Saturday I was thinking of writing an article on the literary merits of those three or four writers who are being “rediscovered” of late by the “rightist, nationalist, and Christian” government of Viktor Orbán. The adjectives are not mine. Orbán himself described his ideology and government in these terms. But then I would have had to rely on the opinions of others to a large extent.
I read Cécile Tormay at the time that I was writing my dissertation on the 1919-1921 period of Hungarian history, but I viewed her so-called “diary-novel” Bujdosó könyv (1920-21) more as a historical than a literary document. Even as a historical document, however, it must be regarded with serious reservations because, although written in diary form, it wasn’t a contemporaneous account of the events described. It reflects a conservative point of view with plenty of anti-Semitism in the mix. Anyone who’s interested in taking a look at it can do so here.
I read Dezső Szabó’s two-volume autobiography Életeim (My Lives), which was reprinted in 1965, and found his prose pretty impenetrable. In 1957 his best short novel Feltámadás Makucskán (Resurrection in Makucska), which I did not read, was reissued. In contrast to my reaction, I just heard a literary historian claim that as an essayist Szabó was one of the Hungarian greats. In fact, the historian considered him the equal of Endre Ady.
As for the literary merit of the two most controversial writers of this literary revival I really cannot pass judgment because I read neither József Nyirő nor Albert Wass. Therefore, I was pleased to read an article by Júlia Lévai, one of the founding members of Galamus, on Nyirő. She took the trouble to read a number of Nyirő’s short stories in a volume entitled Fagyöngy (Mistletoe, 1937). I must say I haven’t had so much fun in the longest time.
Lévai begins by saying that she is not a literary historian. In fact, her background is in music. So she approached these stories as an ordinary reader of Hungarian prose. First, she noticed some of Nyirő’s mannerisms. For instance, every verb must have an adverb. Someone not only “keeps vigil” but “broodingly keeps vigil.” Nyirő is fixated with darkness. Someone looks over to a child “darkly.” People of the wilderness in general are “dark” or “burned poor” or perhaps “frozen black.” One of his heroes speaks darkly, sees darkly, darkly moves in the snow, and even thinks darkly. Another Nyirő hero can even “sit darkly.”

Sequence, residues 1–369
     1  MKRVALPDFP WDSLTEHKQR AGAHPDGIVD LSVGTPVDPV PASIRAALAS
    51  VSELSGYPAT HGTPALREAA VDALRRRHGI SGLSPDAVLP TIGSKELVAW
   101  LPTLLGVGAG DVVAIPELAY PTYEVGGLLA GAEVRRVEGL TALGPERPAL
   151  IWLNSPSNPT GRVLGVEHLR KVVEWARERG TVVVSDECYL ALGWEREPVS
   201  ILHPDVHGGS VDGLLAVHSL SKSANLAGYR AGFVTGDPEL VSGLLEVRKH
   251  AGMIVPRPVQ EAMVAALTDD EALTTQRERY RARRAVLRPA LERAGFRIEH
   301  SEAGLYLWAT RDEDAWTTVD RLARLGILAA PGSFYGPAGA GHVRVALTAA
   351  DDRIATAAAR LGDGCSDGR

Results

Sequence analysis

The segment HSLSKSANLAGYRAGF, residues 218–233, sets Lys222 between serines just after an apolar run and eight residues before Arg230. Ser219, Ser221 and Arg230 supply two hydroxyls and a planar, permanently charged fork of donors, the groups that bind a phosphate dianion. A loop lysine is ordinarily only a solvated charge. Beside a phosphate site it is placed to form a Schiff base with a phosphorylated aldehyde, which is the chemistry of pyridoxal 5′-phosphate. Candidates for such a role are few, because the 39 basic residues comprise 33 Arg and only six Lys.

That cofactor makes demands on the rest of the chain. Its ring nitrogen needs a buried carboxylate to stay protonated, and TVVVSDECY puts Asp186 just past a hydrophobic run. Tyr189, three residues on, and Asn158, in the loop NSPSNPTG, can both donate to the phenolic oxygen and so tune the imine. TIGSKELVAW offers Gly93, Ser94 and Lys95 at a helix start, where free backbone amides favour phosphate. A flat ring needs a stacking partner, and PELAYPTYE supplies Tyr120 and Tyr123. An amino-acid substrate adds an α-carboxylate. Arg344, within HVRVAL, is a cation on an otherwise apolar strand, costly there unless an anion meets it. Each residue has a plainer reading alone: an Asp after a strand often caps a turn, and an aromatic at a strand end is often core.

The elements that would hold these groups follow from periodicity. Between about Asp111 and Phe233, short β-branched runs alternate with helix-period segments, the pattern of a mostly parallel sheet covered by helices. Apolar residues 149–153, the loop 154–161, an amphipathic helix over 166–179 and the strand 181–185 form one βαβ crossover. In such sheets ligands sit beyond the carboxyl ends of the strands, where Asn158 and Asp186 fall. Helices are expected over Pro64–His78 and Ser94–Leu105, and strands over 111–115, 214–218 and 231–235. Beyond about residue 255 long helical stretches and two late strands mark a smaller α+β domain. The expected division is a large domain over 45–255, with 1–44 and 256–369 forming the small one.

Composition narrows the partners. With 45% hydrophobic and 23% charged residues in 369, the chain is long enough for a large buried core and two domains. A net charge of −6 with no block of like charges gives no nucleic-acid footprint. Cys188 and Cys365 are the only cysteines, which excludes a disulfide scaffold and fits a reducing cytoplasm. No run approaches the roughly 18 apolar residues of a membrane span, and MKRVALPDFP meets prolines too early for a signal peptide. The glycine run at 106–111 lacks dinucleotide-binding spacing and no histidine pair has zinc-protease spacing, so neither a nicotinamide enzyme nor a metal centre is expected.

Nyirő also uses words in unusual ways. Almost as if he weren’t quite aware of their meaning. Lévai found a short story entitled “Vihar” (Storm) in which Nyirő discusses the relationship of God and man on this earth. The man in the story is angry at God because his hay-wagon tipped over and he angrily “shook up his pitchfork toward the sky.” This expression is odd even in English but in Hungarian it is really strange. One usually shakes up a pillow (felrázni a párnát).
Lévai picked a few examples from a large warehouse of Nyirő’s descriptions of animals. “The mother-bear folds the hands of her little ones, saying ‘Pray nicely for God to turn his wrath away from us.'” The same mother-bear “darkly pants.” Another “mother-bear trembling cries to the dreary world: My Lord, have mercy on us! Her little ones nestle to her groan: Have mercy on us! Father-bear waves his hand in resignation and sinks his head down as if he were thinking about his last will.” Moving on to wolves, “The wolf is turning grey from the horror and in his rage he snarls.” Perhaps my favorite: “The fish are now mute and cold because of fright.” (Lévai adds: “As if they were warm and talkative otherwise!”)
Nature also behaves oddly in Nyirő’s work. For example, “The rocks began to wail.” Or “Only the rocks believe in themselves.” Or, “The storm’s last burst of fury has become even more horrific and once more knocked the heads of mountains together.”
And, as Lévai describes it, the icing on the cake. This time about a bird: “It is distressing to see how the warbler is running around tearing her hair out and is looking around the bushes while she is screaming half mad: Did you see my children?”
Lévai makes some not too flattering comparisons between the half-mad warbler and “half-mad politicians running around with Nyirő’s ashes.”
Meanwhile, on behalf of a writer whose prose doesn’t sound exactly sterling and whose political views are at best questionable the Hungarian government is risking a serious diplomatic breach with Romania. Victor Ponta, the new Romanian prime minister, is not in a joking mood and demands an apology from Viktor Orbán himself for László Kövér’s disparaging remarks about the Romanian government. I think Ponta can wait till doomsday. His namesake is not the kind who apologizes. And indeed, Orbán’s spokesman, Péter Szijjártó, made it clear that no such apology would be forthcoming.